Do You Really Need to Do Cardio If You Want to Lose Weight?
The answer might surprise you—but there's a catch.
When you think of exercise geared specifically toward weight loss, you likely imagine spending long hours on the treadmill or elliptical. And while it's true that doing steady state cardio probably will help with weight loss, experts say it's totally unnecessary if your main goal is fat loss. In fact, you can lose weight just by lifting weights. (Yes, really. Just peep these weight lifting body transformations.)
However, that doesn't mean you should never do cardio. Here's why you might want to prioritize strength training if shedding pounds is on your to-do list—but you can't forgo breathing heavy forever.
Why You Don't Need Dedicated Cardio Sessions to Lose Weight
"Cardio is one of the least effective fitness modalities for weight loss," explains Jillian Michaels, health and fitness expert and creator of My Fitness by Jillian Michaels app. That's because you lose weight by burning more calories than you eat, and to many people's surprise, strength training is actually better at doing that than steady state cardio.
The reasons for this are pretty simple. First, strength training changes your body composition. "Resistance training will help you build more muscle, which will spike your metabolism and help you burn more calories," explains Betina Gozo, a Nike Master Trainer who focuses on strength training. The more calories your body burns on its own, the easier it is to lose weight. In other words, if you want to lose weight, building muscle is a good thing. (Here's all the science on building muscle and burning fat.)
Second, resistance training done in a circuit often burns more calories than plain old cardio, particularly when done with compound movements like squats, deadlifts, hip thrusts, cleans, push presses, and more, according to Jennifer Novak, C.S.C.S., a strength and conditioning specialist and owner of PEAK Symmetry Performance Strategies. "When more joints are involved in a movement, more muscles have to be recruited to execute them," she explains. That means—yep—more calories burned.
Plus, there's the "afterburn" effect that comes along with higher-intensity resistance training. "When you're just doing straight-up cardio, you're working at an aerobic pace and only burning calories for the amount of time that you're working out," says Gozo. With a high-intensity resistance training circuit session, you continue burning calories for the rest of the day, she adds. Of course, you can absolutely get this afterburn benefit from HIIT, but for the muscle-building benefits, you'll want to incorporate resistance in the form of weights, kettlebells, or body weight leverage.
"That said, all of this is irrelevant if you don't also watch what you are eating," adds Michaels. Remember that saying: "abs are made in the kitchen?" Well, it's true. With a dialed-in nutrition plan and strength-based workout routine, you're most likely to see the weight loss changes you're looking for.
The No-Cardio Catch
Now, while cardio isn't necessary for weight loss, that doesn't mean cardio is unnecessary ~in general~. The American Heart Association currently recommends 150 minutes of moderate cardiovascular exercise per week (spread over five days) OR 75 minutes of vigorous cardiovascular exercise per week (spread over three days) plus two strength training sessions for optimal heart health. (Only about 23 percent of Americans are meeting those requirements, though.) That's because getting your heart rate up is still crucial for keeping your heart healthy.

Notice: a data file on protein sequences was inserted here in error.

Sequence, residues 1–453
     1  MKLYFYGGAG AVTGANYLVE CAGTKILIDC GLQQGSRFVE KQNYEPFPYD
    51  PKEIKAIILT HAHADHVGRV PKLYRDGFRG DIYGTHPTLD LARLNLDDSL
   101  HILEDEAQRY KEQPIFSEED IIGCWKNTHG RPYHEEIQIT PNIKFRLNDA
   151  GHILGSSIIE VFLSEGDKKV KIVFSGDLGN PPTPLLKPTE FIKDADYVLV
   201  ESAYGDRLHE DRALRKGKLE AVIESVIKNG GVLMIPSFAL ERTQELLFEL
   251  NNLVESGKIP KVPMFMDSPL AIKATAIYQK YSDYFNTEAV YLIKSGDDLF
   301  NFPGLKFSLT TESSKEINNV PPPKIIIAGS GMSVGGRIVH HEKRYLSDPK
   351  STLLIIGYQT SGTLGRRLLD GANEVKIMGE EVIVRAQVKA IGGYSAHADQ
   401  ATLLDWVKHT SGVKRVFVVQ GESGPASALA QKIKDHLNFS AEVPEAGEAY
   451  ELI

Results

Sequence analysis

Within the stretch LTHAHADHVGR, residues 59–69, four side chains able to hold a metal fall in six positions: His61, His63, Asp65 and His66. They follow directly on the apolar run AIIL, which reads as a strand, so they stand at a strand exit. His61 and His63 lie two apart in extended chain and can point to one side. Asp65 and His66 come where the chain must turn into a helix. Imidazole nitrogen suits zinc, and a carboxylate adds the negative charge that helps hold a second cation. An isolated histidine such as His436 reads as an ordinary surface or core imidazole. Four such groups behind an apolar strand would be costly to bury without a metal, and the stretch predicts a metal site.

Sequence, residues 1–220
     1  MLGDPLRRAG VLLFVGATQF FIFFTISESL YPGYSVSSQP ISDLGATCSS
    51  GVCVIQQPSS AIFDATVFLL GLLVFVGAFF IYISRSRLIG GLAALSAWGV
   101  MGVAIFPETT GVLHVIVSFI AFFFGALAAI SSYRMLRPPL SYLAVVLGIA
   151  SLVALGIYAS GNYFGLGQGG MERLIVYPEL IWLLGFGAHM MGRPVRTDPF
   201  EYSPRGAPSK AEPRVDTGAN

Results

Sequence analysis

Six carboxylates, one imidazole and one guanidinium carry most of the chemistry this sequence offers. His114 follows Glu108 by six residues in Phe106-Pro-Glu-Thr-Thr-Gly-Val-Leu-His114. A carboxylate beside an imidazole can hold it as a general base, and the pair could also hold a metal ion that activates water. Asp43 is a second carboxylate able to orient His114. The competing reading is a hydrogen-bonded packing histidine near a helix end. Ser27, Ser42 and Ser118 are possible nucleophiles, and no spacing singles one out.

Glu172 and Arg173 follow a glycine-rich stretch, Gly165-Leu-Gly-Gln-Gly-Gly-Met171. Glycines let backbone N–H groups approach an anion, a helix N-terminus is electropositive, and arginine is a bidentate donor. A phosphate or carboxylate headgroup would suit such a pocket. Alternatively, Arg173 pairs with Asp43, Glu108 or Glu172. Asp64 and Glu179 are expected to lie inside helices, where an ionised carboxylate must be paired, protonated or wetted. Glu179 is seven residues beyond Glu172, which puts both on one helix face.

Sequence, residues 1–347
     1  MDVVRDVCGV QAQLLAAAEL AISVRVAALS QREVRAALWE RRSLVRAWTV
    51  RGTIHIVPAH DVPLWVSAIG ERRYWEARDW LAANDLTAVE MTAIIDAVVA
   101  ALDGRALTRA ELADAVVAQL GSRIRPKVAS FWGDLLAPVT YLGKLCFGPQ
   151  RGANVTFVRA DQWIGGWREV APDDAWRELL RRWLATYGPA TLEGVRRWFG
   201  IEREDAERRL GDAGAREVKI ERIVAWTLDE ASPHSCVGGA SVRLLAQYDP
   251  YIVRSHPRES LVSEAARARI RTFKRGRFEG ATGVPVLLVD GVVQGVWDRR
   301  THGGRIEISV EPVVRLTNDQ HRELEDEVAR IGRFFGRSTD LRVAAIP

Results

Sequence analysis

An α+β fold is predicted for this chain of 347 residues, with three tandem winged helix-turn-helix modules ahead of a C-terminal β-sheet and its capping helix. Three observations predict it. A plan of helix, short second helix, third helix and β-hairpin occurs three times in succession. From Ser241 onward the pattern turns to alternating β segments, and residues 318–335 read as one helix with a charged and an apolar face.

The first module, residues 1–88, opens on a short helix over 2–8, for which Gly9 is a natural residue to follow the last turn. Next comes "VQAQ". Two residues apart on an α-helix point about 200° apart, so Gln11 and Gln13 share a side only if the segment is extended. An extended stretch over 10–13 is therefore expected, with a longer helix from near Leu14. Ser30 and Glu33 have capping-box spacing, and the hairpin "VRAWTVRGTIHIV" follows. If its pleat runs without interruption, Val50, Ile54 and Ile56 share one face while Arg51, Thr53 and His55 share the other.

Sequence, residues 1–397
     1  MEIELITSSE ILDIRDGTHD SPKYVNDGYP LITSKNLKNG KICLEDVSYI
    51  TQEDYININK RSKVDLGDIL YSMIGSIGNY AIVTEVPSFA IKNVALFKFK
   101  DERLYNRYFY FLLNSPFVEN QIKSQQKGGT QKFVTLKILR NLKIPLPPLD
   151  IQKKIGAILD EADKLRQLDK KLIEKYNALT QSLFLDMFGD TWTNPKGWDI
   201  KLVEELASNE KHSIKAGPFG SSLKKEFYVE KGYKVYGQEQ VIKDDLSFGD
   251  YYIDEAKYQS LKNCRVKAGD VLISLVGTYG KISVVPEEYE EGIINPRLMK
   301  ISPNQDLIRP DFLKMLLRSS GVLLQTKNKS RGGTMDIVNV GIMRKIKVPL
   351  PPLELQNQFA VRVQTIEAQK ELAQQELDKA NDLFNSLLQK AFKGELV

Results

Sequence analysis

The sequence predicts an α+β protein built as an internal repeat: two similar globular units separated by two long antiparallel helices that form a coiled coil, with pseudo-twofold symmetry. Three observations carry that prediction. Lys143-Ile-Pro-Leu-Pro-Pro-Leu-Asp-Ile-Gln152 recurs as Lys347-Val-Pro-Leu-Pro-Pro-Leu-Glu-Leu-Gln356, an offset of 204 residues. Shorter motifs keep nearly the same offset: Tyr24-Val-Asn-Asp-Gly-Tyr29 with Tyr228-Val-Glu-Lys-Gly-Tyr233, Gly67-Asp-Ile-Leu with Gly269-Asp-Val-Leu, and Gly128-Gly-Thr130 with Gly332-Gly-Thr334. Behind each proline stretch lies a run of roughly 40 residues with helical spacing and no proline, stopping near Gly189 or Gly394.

The thing is: Strength training, when done strategically, can definitely get your heart rate high enough to count as vigorous cardiovascular exercise. (Here's a primer on how to use heart rate zones to train for max exercise benefits.) "Compound movements are a great way to get your heart rate up while doing strength training," explains Gozo. Because you're working several muscles at once, your heart rate is going to climb. (If you've ever heard your heartbeat in your ears after doing a few heavy deadlifts, you know exactly what she's talking about.) Plus, by minimizing the rest you take between sets, adding heavier weights, and/or stepping up your pace, you can boost your heart rate.
Get the Best of Both Worlds
So how do fitness pros recommend balancing strength and cardio training if you're trying to lose weight? "I would recommend cardio only on your off days," says Michaels. "For example, if you lift four times a week and you want to get one or two more sweat sessions in—but still allow your muscles the proper recovery time—this is when cardio would be fine."
Want to ensure you're hitting the recommended amount of cardio without ever setting foot on the treadmill? Weight train in circuits, she explains. "Move from one exercise to the next in swift succession to keep your heart rate up. I personally add a HIIT interval into every circuit as well to get the extra intensity."
It's also a good idea to choose your weights strategically. "Try to incorporate weights and resistance that actually challenge you for your last few reps, or else you may not be getting full benefits," says Gozo. "You never want the weights to be easy to move for 15+ reps. You want the 'resistance' to be there to make change happen."
The only cardio caveat? If you're training for something sport-specific (such as a half-marathon or triathlon) then you will need to do dedicated cardio workouts, says Michaels.
Still, Michaels is fully behind the idea of focusing most of your effort on shorter resistance-based workouts over long bouts of cardio. "Study after study has shown us the higher intensity, shorter duration workouts are the most effective for overall fitness, cardiovascular health, bone density, muscle maintenance, metabolism and more." Want to give this kind of workout a try? Check out this kettlebell cardio workout.
This article originally appeared on Shape.